a surburban home with a white fence in Southern California

Moving to the Suburbs: What to Expect

Moving to the suburbs can be a big transition for those who have grown accustom to the city life with all its amenities.

But there comes a time when city dwellers want a change of pace and different scenery.

According to analysis of Census data, more people are choosing suburbia as metropolitan cities have seen a downward growth the past four years.

“You will have a quieter life,” says Colorado Springs-based real estate broker Susanna Haynie about making the move to suburbia.

Why You Need to Save Ahead For a Move?

suburban neighborhood outside of Los Angeles

Timing your move to the suburbs and the end of your apartment lease probably won’t align. And that’s something Massachusetts real estate agent Bill Gassett tells his clients.

“If buyers are actively wanting to find a house then they have to be in a position to go – immediately. They have to make an offer otherwise someone else is gonna grab it,” Gassett said.

It’s usually 6 to 8 weeks from the time someone makes an offer and you close escrow.

“A lot of times I have buyers who are biting the bullet and eating months of rent because if they find something that they want, they know they are not going to be able to request that the seller wait four to five months until their lease ends,” he said.

What Are the Pros and Cons of Living in the Suburbs?

Living in the city obviously has its perks, Gassett said.

“You have the convenience of everything around you, whether it’s shopping, restaurants, or being able to walk from place to place,” he said.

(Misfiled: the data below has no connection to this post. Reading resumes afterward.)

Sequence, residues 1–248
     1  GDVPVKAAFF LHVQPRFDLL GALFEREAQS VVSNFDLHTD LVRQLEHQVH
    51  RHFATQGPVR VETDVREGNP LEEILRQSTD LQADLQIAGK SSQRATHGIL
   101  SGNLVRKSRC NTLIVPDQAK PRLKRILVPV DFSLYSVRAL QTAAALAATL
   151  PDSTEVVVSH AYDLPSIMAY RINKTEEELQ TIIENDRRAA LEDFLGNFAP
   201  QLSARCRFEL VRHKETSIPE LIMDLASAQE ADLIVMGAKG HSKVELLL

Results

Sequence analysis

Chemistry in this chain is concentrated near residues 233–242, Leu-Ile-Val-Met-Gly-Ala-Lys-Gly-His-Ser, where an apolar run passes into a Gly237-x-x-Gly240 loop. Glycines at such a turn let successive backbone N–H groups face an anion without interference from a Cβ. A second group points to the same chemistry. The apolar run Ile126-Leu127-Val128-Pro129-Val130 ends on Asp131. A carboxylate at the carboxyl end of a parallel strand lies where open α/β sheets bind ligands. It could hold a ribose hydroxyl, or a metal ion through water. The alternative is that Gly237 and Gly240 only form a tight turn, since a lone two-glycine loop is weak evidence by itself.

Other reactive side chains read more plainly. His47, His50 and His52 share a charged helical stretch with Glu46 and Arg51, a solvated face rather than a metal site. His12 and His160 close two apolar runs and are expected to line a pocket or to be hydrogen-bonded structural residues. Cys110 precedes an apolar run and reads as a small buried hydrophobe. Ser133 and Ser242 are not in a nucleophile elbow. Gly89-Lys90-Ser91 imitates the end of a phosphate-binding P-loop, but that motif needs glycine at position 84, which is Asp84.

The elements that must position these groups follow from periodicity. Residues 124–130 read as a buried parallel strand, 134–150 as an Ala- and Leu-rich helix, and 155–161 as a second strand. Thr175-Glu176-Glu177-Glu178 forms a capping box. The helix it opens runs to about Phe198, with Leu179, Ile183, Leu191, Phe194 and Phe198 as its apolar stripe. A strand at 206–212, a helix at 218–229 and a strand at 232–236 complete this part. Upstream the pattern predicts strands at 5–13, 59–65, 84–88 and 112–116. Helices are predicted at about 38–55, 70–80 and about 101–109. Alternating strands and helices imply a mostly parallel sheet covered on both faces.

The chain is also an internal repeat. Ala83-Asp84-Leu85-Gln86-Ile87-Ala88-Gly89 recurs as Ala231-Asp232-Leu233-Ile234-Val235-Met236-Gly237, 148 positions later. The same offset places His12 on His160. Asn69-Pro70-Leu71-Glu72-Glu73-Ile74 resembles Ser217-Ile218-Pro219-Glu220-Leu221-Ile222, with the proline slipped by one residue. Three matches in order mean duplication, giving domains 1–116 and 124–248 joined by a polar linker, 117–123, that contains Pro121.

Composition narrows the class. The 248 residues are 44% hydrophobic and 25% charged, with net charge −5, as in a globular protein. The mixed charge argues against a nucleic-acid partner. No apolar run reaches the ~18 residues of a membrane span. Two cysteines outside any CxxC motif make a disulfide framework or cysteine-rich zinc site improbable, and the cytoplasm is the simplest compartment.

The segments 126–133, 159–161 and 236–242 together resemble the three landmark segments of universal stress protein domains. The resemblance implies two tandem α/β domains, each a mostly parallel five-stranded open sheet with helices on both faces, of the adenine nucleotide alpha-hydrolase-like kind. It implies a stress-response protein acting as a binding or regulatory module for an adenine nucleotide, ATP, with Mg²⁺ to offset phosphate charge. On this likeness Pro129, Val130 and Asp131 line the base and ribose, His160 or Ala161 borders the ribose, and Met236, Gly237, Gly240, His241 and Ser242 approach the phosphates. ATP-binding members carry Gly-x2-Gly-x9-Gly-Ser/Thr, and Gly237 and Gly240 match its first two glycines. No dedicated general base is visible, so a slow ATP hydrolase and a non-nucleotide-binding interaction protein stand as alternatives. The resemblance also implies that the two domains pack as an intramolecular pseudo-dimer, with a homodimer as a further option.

But the metropolitan lifestyle can become cumbersome over time: there’s the noise at night, the traffic, and the parking.

In the suburbs you’re looking for slower pace of life, a big yard, being able to spread out. Find a good school district can also top a homebuyer’s list, he said.

view of an open park in a Los Angeles suburb

That’s not all, Haynie said living outside the city limits provides families with more outdoor space, and not just in your backyard.

“Especially the way the new neighborhoods are planned, you probably have more green space available to you in the suburbs than you do in the city,” said Haynie, owner of Co-Re Group.

One of the other benefits of moving to the suburbs is the affordability, Gassett said. Pricing in the city versus the suburbs when you get further out, can be as Gassett put it: “night and day.”

“It could be the difference in paying millions,” more for a home in city versus the suburbs of Massachusetts, said Gassett, of RE/MAX Executive Realty.

On the downside, someone living in the city maybe never had a need to own a car since amenities were nearby or public transportation was easily accessible.

“All of the sudden the distances to amenities and schools changes,” Haynie said. So moving to the suburbs might mean you reconsider transportation costs.

What is Living in The Suburbs Like?

Moving to the suburbs can mean joining a more close-knit community versus living in urban areas.

“In the suburbs, usually people know each other better and talk more,” Haynie said. “People are more inclined to want to know each other.”

But that also means calculating more time to drive into the city for things such as concerts, trips to the museums, or going to the theater.

Get to know your community before you move in. Haynie suggests you do some research on your new neighborhood and find where the shops, restaurants and schools are located. She also suggests people check their local school district, the crime maps and even visit Google street view and satellite.

“You can walk neighborhoods now with Google street view,” said Haynie, adding it’s especially helpful if you can’t see the neighborhood in person.

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